Platinum supply and demand are expected to be more or less in balance in 2004, ending a run of five successive years of supply deficit, according to Johnson Matthey’s Platinum 2004, released Monday.
In 2003 the platinum market was 280,000 ounces (8.7 tons) in deficit, as supply of the precious metal fell short of expectations, according to the annual report. Supplies grew by 4.5% to 6.24 million ounces (194.1 tons), although some mine expansions in South Africa fell behind schedule. In 2004 total platinum supply is projected to rise more strongly as expansion projects gain momentum.
Global demand for jewelry fell by more than 13% to 2.44 million ounces (75.9 tons) in 2003 as high metal prices discouraged fabrication in China, the largest market. Sales in Japan were also down, impacted by weak consumer demand and increased recycling of metal from stocks. Total jewelry demand may fall again in 2004, although much will depend on the reaction of Chinese buyers to platinum price movements, the report states.
The price of platinum, strongly influenced by fund buying, reached a 24-year high of $937 in April 2004. Subsequently the funds closed out some of their long positions, causing a sharp price correction. With the fundamentals easing, the short-term price outlook will mainly depend on whether investors decide to rebuild or further reduce their interest in platinum. Johnson Matthey therefore forecasts that platinum will trade between $780 and $920 in the next six months, with the large spread reflecting the potential for market volatility.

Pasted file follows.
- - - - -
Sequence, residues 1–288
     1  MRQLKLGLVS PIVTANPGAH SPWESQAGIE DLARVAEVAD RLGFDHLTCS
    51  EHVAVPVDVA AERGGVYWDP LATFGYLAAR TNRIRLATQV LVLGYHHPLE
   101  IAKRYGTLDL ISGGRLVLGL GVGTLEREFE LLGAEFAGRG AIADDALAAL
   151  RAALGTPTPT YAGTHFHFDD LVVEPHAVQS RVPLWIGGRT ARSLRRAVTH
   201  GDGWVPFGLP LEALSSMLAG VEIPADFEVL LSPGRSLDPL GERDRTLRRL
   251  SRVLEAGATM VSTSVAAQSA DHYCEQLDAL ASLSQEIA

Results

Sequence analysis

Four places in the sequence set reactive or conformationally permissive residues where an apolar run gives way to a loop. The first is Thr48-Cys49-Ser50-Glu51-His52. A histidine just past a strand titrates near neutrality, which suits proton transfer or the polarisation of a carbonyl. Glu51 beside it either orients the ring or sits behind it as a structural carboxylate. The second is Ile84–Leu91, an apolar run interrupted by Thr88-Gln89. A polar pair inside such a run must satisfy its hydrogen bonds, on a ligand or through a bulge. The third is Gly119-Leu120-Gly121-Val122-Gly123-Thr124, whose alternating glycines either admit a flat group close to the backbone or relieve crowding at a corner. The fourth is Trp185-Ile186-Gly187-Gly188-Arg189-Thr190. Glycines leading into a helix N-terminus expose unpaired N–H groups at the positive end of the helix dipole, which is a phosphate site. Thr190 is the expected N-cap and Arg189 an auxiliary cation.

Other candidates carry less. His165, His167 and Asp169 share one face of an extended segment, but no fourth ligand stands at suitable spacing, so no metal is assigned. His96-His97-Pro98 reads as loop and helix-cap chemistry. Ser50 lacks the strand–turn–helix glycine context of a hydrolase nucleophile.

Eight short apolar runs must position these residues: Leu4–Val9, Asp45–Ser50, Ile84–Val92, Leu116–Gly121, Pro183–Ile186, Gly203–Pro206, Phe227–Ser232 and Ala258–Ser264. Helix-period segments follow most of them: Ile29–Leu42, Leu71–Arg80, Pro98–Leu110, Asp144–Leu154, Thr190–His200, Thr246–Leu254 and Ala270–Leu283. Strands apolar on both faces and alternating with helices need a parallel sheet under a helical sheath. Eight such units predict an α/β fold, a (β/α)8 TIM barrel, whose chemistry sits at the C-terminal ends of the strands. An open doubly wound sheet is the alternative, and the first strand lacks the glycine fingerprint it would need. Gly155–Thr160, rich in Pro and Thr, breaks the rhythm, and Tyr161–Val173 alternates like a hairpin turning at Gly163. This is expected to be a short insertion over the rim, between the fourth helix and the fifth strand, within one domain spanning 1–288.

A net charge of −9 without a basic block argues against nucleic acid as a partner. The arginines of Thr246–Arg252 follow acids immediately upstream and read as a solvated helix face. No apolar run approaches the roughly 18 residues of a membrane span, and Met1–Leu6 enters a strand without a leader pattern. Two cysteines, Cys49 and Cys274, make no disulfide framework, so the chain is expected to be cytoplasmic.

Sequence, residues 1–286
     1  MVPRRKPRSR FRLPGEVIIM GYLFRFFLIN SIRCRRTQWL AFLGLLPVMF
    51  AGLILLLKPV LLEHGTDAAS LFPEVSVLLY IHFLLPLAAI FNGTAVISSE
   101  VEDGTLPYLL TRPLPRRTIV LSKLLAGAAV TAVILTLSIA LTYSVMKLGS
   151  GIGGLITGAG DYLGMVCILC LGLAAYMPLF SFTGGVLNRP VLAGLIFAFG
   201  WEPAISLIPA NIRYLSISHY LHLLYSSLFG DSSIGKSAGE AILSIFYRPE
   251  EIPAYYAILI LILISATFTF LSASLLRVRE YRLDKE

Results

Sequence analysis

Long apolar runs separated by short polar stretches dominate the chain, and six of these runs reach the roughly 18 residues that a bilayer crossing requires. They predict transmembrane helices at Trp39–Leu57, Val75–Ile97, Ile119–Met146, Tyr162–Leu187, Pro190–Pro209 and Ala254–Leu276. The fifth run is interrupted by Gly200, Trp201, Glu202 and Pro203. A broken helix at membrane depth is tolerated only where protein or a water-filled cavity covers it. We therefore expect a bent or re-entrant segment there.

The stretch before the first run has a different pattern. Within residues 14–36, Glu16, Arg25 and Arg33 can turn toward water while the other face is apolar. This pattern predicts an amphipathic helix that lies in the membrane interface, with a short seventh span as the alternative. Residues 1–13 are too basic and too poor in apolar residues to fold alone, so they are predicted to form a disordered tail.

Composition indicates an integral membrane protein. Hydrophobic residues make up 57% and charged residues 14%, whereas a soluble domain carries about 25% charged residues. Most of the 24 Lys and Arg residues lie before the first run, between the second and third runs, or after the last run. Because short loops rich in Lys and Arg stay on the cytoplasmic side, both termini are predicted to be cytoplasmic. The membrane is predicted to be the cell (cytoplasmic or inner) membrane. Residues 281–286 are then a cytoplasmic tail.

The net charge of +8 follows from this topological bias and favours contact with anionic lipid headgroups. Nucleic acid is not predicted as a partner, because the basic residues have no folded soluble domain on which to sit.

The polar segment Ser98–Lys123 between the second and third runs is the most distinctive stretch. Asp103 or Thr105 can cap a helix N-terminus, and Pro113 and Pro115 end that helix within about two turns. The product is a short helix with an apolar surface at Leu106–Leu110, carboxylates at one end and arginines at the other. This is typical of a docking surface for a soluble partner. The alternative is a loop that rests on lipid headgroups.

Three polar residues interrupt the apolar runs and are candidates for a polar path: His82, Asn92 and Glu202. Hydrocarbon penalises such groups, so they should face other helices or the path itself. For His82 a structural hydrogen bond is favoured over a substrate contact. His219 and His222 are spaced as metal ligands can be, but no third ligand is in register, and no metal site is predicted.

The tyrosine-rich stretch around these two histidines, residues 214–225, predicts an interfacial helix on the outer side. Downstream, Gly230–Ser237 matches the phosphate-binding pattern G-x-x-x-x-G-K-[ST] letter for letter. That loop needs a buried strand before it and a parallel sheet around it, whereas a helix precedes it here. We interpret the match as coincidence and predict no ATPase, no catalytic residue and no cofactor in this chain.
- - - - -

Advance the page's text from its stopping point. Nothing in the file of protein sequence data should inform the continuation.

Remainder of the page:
World demand for platinum edged up by less than 1% in 2003 to 6.52 million ounces (202.8 tons). It was supported by auto industry purchases, which jumped by 23% to a record high of 3.19 million ounces (99.2 tons). US auto companies returned to the market for almost all their metal requirements, having run down stocks in 2002. Rising sales of diesel cars in Europe and the retrofitting of catalysts to heavy-duty vehicles in Japan were also factors. Growth in autocatalyst demand in 2004 is likely to be much less pronounced.
Palladium. In 2003 the palladium market surplus widened to 1.19 million ounces (37 tons), as palladium supply surged by 23% to 6.45 million ounces. Russian supply increased by just over 1 million ounces, with Norilsk Nickel selling all of its production. Palladium has limited uses in jewelry manufacturing.
Demand was 9% higher than in 2002 but still lacklustre, coming in at 5.26 million ounces (163.6 tons), the third lowest total in a decade, the report states. It is likely to improve again in 2004, mainly as a result of a higher level of purchasing by the US auto industry, which again depleted its stocks during 2003.
The palladium market is expected to remain oversupplied in 2004, with demand growth largely offset by a further expansion in supply from both mines and the recovery of metal from scrapped autocatalysts.
The price of palladium has been supported by speculative interest, which drove it up to $333 in April 2004. However, the large positions built by hedge funds and speculators have made the market vulnerable to major downward corrections. Johnson Matthey expects palladium to trade between $200 and $340 over the next six months.